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Twitter suspends white nationalist accounts after publishing new rules

Twitter suspends white nationalist accounts after publishing new rules
Social media company Twitter suspended several accounts run by people associated with white nationalist ideas, or alt-right, in its efforts to crack down on hate speech.

The accounts were suspended Tuesday, a day after Twitter released new rules to fight online abuse.

Among those purged were the verified account of @RichardBSpencer, president of the white nationalist think tank National Policy Institute (@npiamerica) and Radix Journal (@radixjournal), a magazine run by Spencer, according to the Washington Post.

The alt-right, a loosely organized group that espouses white nationalism, emerged as a counterpoint to mainstream conservatism and has flourished online. Spencer has said he wants blacks, Asians, Hispanics and Jews removed from the United States.

Twitter declined to comment on the suspensions, which included Paul Town, Pax Dickinson, Ricky Vaughn and John Rivers.

"We don't comment on individual accounts, for privacy and security reasons," the company said in an emailed comment.

Twitter was the platform of choice for the campaign of President-elect Donald Trump and the alt-right political movement that embraced him.

Spencer took to alternative social media, posting a YouTube video where he said, “I am alive physically, but digitally speaking, there are execution squads across the alt-right.”

“It’s corporate Stalinism, in the sense that there is a great purge going on, and they’re purging people on the basis of their views,” Spencer said in the YouTube post.

Without any trace of irony Spencer’s post is entitled “The Knight of the Long Knives,” a reference for when Adolf Hitler carried out a series of political purges within his own Nazi party in 1934, intended to consolidate his power in Germany.

Heidi Beirich, spokeswoman for the Southern Poverty Law Center, which monitors hate groups, told USA Today that the center had previously asked Twitter to remove more than 100 accounts of white supremacists, for violating Twitter's terms of service.

"They have done nothing," Beirich said on Monday. She also pointed to two alt-right accounts that had been verified by Twitter, including Spencer's.

On Monday, the FBI released its Hate Crime report for 2015, showing overall hate crime had grown by over 6 percent since 2014, with hate crimes targeting Muslims skyrocketing by 67 percent.

In an interview with Politico, the Southern Poverty Law Center said there were 892 active hate groups last year. The list was dominated by the Ku Klux Klan (190) and black separatists (180).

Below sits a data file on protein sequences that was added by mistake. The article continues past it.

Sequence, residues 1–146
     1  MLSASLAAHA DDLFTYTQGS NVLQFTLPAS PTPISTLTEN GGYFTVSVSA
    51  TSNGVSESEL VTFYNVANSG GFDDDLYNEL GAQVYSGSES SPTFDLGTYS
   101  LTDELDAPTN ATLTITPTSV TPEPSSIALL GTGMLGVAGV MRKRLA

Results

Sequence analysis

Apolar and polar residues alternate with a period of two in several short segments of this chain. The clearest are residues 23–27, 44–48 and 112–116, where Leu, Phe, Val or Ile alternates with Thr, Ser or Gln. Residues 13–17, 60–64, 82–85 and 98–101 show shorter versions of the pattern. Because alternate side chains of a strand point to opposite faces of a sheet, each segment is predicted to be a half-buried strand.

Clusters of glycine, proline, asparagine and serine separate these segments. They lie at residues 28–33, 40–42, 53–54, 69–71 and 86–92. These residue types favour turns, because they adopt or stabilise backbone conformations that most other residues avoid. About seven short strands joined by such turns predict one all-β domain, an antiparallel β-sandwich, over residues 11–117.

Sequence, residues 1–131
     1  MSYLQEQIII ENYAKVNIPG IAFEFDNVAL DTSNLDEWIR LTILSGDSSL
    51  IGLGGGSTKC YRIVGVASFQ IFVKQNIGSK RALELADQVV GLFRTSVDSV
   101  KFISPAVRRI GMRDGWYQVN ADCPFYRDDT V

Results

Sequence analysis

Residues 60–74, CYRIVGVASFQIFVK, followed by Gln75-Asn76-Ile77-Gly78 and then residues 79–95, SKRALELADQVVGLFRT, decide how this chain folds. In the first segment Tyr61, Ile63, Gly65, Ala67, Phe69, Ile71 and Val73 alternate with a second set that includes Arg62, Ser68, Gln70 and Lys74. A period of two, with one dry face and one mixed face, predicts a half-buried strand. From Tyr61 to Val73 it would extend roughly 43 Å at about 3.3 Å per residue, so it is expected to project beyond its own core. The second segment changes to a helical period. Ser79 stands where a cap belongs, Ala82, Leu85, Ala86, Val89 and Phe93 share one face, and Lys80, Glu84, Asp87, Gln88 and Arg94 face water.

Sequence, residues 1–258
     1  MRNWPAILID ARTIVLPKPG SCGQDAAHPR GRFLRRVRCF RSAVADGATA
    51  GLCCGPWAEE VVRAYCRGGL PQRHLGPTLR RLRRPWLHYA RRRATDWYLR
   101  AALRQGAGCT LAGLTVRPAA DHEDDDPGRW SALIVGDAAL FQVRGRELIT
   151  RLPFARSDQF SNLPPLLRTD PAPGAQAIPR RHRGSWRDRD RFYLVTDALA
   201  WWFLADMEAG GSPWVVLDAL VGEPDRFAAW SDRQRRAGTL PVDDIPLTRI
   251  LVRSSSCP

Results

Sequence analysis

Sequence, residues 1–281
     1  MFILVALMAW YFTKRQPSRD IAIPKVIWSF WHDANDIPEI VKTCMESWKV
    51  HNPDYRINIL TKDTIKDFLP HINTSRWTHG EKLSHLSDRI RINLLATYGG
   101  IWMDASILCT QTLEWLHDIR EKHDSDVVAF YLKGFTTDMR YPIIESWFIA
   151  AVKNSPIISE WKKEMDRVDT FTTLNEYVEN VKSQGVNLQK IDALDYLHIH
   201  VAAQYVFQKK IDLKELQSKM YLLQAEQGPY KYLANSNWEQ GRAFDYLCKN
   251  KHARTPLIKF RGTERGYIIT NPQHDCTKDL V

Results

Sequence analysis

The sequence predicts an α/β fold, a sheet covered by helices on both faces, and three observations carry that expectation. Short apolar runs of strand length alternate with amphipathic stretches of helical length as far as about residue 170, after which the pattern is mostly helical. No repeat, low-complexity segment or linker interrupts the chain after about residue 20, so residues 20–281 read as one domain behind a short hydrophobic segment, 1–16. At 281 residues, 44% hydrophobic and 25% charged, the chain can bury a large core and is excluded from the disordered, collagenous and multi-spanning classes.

“Only organizations known to be active in 2015, whether that activity included marches, rallies, speeches, meetings, leafleting, publishing literature or criminal acts, among other activities, were counted in the listing,” the SPLC told Politico. “Entities that appear to exist only in cyberspace are not included because they are likely to be individual web publishers who likely to falsely portray themselves as powerful, organized [g]roups.”

Spencer said the suspensions were unlike the ban of Milo Yiannopoulos, who was banned in July from Twitter after sending actress Leslie Jones a string of tweets insulting her race and intelligence after her appearance in the Ghostbusters remake. His tweets often featured pictures of gorillas sent to Jones.

“I support people like Milo when they are banned from Twitter, but Milo was engaging in something that could be called ‘harassment,’ Spencer said. “I totally think he should have stayed.”

“I and a number of other people who just got banned were not even trolling,” he said. “I was using Twitter just like I always used Twitter: to give people some updates and maybe comment a news story here and there.”

Spencer complained that the move was a “coordinated effort to just wipe out alt-right Twitter” in response to argued that social media helped elect Donald Trump.

“Twitter and probably Facebook too…I think they are deeply triggered by Trump’s election,” Spencer said. “I think they’re triggered by this narrative that social medial helped elect Trump and they think that they have to do something about it. Well the fact is social media did help elect Trump.”

Twitter announced its new rules for addressing online abuse on Monday.

“What makes Twitter great is that it’s open to everyone and every opinion. We’ve seen a growing trend of people taking advantage of that openness and using Twitter to be abusive to others,” wrote the company.

Twitter already has a “mute” button that allows users to block accounts they don’t want to see but under new feature it will be rolling out under ‘notifications,’ users can mute keywords, phrases and even entire conversations they don’t want to see notifications about.

“Our hateful conduct policy prohibits specific conduct that targets people on the basis of race, ethnicity, national origin, sexual orientation, gender, gender identify, religious affiliation, age, disability, or disease,” the company said.

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